Making a difference to the digital lives of young people :)


Compulsive Pornography Viewing

Understand why Children are naturally curious about their changing bodies and the exciting world of sex. Friends talk about it or show them material. We live in a very sexualised world, from adverts and clothing to dancers on pop song videos and online imagery.  Pornography may pop up unexpectedly and awaken their interest, leading them to search for it now that they know about it.

What to do if a child you care for is increasingly watching porn?

Some young people want to keep up with their friends who are sharing images or talking about what they watch. Many young children – even if they are at first annoyed, shocked or upset by pornography they see for the first time – will feel the urge to seek for it repeatedly. It can have this effect even on children who have not yet experienced sexual attraction.

There are biological and developmental reasons why a child may respond this way. Porn triggers some normal needs and motivations at a very vulnerable moment in their developing lives. Some young people may be driven to act upon what they see. They may feel a strong need to experience these sensations or fears again. These are new feelings and responses they might think of as grown up. They might not understand what is happening within themselves.

Pornography is addictive

Pornography quickly becomes irresistible for three reasons:

  • It causes a high release of craving neurochemicals in the brain.
  • Dopamine – the main neurochemical – is normally released in the body during sex or drug use or simply when eating sweet foods.

The dopamine rush

Pornography creates a dopamine rush that acts on the brain’s "reward centres" making it like a brain command to keep continue watching or find more.

  • Child’s brain is still developing. The prefrontal cortex is not fully developed

The prefrontal cortex is the part of the brain responsible for controlling impulses and desires. This is where reasoning, making decisions, and assessing the consequences of our actions. Takes place It is not fully developed until we reach our twenties.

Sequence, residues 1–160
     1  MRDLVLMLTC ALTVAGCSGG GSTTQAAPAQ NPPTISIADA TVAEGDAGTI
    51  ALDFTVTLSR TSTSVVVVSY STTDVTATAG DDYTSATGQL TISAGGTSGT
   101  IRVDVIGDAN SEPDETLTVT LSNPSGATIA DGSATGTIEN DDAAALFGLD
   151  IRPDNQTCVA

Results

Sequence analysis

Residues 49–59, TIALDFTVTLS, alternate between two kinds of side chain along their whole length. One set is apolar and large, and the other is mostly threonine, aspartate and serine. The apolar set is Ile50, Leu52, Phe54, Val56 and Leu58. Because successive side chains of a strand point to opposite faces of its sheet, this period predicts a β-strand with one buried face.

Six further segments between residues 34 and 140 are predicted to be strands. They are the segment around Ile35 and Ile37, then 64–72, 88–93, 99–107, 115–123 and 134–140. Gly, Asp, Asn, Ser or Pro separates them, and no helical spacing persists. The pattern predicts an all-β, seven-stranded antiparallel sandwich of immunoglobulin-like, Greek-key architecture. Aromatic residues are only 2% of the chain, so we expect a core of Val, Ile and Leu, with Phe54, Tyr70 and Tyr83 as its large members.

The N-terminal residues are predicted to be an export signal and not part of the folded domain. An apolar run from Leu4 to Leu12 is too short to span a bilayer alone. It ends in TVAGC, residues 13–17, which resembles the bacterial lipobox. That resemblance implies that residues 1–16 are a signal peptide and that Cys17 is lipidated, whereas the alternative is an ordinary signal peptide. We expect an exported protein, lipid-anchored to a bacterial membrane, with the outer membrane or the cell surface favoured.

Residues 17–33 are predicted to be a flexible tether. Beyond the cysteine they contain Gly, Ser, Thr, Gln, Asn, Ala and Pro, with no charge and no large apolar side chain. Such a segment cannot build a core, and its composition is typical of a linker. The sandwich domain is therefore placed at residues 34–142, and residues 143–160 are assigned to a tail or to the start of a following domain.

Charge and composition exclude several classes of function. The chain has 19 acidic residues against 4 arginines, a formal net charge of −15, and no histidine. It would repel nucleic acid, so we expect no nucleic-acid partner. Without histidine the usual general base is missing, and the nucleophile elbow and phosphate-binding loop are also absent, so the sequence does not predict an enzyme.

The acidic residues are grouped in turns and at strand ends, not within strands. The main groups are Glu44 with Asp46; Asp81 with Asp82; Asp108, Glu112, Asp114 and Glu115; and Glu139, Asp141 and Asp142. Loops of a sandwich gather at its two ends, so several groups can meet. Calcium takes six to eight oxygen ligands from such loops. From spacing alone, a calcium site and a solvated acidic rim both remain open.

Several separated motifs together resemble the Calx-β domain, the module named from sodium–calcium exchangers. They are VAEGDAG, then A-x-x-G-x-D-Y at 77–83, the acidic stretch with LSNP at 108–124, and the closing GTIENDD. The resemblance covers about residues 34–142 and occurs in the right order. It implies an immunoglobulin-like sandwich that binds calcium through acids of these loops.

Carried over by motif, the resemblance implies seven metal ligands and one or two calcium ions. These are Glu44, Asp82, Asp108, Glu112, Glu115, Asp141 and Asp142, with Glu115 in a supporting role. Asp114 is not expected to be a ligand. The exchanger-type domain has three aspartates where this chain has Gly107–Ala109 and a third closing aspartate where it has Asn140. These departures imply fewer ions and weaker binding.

Emotionally mature?

But children’s emotional part of the brain where these impulses and desires emerge, is already active. They may not be mature enough to handle how they feel. Their early adverse experiences may contribute to how they respond. So it is unlikely that telling someone not to look at pornography will simply result in them stopping. They may say yes but not be able to do it.

They may also insist it is not harmful and all their friends do so too. Buy what they have seen can live with them, replaying in their mind even when not online or in front of a screen. It can harm their idea of a relationship and damage future healthy real life personal relationships.

They can feel guilty and increasingly thinking about it obsessively. This guilt can prevent them talking to you or any professional about it.

Fulfilling basic needs in safer ways may take some time to provide alternative sources of pleasure. They may believe that watching porn helps them escape other emotionally painful feelings. Perhaps thinking of happier times or recalling good memories can help.

Sign up or log in

You need to be logged in to view this content.

Don't have an account? Sign up here

You might find these useful

A consortium to support fostering in a digital age